BMI Sues T-Mobile, Claims It Needs To Pay Up Over Ringback Tones

from the are-ringbacks-a-public-performance? dept

I'm still in the camp of folks who doesn't quite understand "ringback tones" -- the ugly stepchild of ringtones, where it's not what music your phone plays, but what music a caller hears when they call you and are waiting for you to pick up. While ringbacks have been a big deal in Asia, they're still a relatively small market in the US. But, that's not going to stop collections societies from demanding cash, of course. mike allen alerts us to the news that BMI has sued T-Mobile over its ringback tones. Of course, here's the thing: a court has already established that ringtones are not performances, so are ringback tones performances? Or, of course, T-Mobile could just ban the use of any BMI songs as ringbacks, and then see how those artists feel about how BMI is "protecting" their interests...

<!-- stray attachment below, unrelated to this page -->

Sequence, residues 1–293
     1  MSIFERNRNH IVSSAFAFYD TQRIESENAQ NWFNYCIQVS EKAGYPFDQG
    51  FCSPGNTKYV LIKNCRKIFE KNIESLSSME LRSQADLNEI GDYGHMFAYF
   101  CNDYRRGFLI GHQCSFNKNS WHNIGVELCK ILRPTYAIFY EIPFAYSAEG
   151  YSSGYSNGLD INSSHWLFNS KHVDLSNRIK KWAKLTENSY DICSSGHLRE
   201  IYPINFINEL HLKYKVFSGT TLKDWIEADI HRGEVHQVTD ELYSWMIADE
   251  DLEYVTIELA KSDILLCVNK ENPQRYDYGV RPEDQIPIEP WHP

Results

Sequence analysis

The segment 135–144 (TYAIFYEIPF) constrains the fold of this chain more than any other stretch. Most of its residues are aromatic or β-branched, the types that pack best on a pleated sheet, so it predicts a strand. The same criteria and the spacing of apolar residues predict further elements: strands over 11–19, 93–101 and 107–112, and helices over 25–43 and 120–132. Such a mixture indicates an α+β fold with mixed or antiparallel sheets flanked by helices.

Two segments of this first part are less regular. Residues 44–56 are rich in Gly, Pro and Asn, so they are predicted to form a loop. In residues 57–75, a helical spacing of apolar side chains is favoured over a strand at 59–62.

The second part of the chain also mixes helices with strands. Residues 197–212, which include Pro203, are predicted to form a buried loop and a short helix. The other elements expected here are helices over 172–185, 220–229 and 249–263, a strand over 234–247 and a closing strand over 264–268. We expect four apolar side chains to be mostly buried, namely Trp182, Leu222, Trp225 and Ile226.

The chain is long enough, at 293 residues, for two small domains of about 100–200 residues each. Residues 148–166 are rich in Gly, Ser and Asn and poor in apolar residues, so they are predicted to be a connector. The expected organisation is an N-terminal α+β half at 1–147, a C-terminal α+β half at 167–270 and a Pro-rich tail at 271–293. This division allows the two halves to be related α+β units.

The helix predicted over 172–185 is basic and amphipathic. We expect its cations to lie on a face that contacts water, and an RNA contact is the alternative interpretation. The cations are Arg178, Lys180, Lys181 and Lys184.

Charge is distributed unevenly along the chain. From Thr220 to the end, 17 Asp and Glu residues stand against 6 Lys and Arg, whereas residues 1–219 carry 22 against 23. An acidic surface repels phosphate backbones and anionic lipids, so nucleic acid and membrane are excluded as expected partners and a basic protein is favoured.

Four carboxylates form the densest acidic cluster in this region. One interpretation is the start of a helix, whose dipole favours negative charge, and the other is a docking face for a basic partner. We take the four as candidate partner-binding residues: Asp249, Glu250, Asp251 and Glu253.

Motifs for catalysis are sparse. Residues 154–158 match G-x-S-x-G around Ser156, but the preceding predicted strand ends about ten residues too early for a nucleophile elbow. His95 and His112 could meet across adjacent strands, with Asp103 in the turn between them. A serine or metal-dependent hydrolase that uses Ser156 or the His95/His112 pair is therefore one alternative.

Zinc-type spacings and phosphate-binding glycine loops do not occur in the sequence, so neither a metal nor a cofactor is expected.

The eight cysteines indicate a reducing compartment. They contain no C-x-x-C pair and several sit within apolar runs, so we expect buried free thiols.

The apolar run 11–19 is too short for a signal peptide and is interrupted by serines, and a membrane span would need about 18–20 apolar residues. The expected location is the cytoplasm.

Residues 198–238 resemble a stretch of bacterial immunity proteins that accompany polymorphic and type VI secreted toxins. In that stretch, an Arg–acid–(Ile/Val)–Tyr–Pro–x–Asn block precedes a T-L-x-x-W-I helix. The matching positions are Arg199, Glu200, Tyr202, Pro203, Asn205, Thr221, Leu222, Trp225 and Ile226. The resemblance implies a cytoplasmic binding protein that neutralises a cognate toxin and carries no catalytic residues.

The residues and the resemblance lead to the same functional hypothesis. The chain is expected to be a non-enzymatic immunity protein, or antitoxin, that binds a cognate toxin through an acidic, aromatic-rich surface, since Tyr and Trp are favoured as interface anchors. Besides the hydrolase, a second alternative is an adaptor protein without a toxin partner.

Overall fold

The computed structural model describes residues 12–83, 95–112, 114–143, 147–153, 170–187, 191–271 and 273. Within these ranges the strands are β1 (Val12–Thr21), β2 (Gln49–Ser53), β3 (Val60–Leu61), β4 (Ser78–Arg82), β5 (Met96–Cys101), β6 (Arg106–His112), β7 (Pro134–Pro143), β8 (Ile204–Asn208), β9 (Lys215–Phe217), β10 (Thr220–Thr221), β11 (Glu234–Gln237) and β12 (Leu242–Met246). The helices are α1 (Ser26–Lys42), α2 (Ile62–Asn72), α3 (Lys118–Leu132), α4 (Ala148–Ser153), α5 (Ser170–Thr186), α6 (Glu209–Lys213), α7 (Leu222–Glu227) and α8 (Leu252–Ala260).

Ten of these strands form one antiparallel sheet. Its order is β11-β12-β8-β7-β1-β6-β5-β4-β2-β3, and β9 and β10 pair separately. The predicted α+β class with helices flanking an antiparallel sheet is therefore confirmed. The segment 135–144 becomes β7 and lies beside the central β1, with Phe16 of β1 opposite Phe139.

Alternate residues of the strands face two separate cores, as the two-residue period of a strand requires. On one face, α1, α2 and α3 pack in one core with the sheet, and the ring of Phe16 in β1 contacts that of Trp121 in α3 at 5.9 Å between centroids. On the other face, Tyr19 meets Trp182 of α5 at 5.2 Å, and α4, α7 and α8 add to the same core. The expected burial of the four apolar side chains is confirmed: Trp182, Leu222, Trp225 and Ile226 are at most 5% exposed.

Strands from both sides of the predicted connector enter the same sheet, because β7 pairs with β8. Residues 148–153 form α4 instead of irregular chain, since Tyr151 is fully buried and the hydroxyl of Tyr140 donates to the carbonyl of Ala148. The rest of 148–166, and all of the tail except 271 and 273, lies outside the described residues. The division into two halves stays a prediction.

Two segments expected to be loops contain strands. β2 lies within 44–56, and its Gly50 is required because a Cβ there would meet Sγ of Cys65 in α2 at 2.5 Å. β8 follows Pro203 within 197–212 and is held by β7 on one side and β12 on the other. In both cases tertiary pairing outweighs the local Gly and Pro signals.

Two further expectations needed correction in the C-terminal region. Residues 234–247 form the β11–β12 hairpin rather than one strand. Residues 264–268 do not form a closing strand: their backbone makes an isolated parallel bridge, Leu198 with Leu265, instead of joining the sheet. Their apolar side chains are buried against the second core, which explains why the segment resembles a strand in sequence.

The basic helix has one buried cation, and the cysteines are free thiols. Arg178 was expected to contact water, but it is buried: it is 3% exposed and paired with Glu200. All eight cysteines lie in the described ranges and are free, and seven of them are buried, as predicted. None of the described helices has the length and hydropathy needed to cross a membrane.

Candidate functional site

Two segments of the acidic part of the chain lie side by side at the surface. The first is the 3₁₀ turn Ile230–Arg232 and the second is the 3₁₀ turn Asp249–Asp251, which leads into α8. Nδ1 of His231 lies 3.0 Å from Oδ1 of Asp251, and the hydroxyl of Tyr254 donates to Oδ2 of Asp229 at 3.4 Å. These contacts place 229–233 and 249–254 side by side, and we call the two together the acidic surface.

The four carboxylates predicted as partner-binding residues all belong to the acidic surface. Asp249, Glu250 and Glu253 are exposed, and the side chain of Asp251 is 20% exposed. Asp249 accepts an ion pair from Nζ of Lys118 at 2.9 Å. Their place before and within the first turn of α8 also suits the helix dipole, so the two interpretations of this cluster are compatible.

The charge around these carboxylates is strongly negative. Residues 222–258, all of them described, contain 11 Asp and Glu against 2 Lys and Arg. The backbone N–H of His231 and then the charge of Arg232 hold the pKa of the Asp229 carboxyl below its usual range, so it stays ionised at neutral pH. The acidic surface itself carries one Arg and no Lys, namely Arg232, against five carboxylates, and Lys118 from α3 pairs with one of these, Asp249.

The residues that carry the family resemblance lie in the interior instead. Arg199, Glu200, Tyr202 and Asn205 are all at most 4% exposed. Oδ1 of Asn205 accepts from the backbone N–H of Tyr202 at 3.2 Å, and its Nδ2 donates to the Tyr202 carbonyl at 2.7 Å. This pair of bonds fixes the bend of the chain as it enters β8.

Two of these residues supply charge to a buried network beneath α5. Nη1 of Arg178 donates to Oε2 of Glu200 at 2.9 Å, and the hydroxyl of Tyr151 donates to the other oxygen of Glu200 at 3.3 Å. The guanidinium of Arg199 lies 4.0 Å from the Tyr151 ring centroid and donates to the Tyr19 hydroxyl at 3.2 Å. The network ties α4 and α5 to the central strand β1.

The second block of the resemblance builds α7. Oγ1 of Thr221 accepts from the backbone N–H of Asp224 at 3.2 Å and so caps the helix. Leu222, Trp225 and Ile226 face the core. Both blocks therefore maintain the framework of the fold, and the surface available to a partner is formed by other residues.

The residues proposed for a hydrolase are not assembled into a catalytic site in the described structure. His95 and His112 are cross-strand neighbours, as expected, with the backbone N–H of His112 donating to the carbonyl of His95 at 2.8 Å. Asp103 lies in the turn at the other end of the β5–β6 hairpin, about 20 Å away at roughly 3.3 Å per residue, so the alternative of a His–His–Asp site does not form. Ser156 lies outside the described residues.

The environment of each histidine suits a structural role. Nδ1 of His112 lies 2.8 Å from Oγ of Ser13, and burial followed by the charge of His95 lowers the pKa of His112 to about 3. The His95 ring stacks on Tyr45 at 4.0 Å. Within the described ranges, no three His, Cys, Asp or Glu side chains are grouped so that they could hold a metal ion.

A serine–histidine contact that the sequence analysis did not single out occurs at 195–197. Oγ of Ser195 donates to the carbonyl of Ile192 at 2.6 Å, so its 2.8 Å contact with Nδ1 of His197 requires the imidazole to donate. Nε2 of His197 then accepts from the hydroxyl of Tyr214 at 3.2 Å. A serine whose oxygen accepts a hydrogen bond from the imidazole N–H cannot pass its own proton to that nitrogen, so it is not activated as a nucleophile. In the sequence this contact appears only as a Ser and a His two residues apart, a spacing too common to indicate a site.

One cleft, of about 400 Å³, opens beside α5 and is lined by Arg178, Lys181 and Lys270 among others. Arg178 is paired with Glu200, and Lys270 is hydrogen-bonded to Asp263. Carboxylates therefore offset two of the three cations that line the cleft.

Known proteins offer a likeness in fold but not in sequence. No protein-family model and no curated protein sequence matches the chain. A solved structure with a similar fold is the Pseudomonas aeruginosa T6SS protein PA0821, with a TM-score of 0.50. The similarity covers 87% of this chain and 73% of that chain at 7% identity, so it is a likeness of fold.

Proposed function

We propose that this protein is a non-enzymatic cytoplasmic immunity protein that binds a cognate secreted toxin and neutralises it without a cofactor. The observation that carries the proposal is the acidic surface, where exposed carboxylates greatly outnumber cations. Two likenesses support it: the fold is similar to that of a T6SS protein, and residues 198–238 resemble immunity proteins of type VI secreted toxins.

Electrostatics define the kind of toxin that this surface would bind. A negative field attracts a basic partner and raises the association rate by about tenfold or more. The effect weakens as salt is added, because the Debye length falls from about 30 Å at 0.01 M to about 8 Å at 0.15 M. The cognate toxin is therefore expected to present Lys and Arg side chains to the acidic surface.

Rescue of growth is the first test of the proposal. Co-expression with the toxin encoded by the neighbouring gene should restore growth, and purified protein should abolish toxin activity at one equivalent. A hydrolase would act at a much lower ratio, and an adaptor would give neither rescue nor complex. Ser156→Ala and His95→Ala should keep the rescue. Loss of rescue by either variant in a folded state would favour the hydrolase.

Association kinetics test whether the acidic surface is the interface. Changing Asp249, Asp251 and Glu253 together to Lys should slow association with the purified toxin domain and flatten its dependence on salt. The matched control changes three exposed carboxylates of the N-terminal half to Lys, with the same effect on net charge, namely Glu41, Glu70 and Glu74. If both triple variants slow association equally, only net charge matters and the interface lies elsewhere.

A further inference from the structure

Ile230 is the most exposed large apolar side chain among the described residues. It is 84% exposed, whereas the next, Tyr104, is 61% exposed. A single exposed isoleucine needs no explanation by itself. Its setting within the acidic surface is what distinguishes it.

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  1. icon
    Lachlan Hunt (profile), 10 Jan 2010 @ 3:02pm

    "On Hold" Music

    This is very different from a ringtone. With a ringtone, the owner of the phone owns a copy of the track being played on their device, to them, and maybe a few people who happen to be in earshot of the phone.

    I've not experienced ringback tones before, and until reading this article I had never heard of them. But the idea seems like it has more in common with on-hold music that many companies play when they put you on hold or when you're in a call centre queue. The only difference seems to be that this music is playing to the caller while the phone is ringing, rather than after the call has been answered, and it's being played by the telco, rather than the callee.

    I'm fairly sure the companies that do that have to licence the music for use on-hold, at least in Australia (I'm not sure about the US rules, but I'd assume they're similar). But assuming that in the US companies do have to licence it then, then surely those rules would apply to this too.

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